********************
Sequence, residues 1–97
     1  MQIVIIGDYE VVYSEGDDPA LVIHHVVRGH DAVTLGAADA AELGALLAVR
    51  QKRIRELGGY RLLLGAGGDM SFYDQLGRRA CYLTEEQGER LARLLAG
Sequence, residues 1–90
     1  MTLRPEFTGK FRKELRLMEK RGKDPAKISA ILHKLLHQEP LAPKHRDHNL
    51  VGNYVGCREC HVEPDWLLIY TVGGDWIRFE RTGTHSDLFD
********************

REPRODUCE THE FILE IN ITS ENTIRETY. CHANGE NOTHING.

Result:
Sequence, residues 1–97
     1  MQIVIIGDYE VVYSEGDDPA LVIHHVVRGH DAVTLGAADA AELGALLAVR
    51  QKRIRELGGY RLLLGAGGDM SFYDQLGRRA CYLTEEQGER LARLLAG
Sequence, residues 1–90
     1  MTLRPEFTGK FRKELRLMEK RGKDPAKISA ILHKLLHQEP LAPKHRDHNL
    51  VGNYVGCREC HVEPDWLLIY TVGGDWIRFE RTGTHSDLFD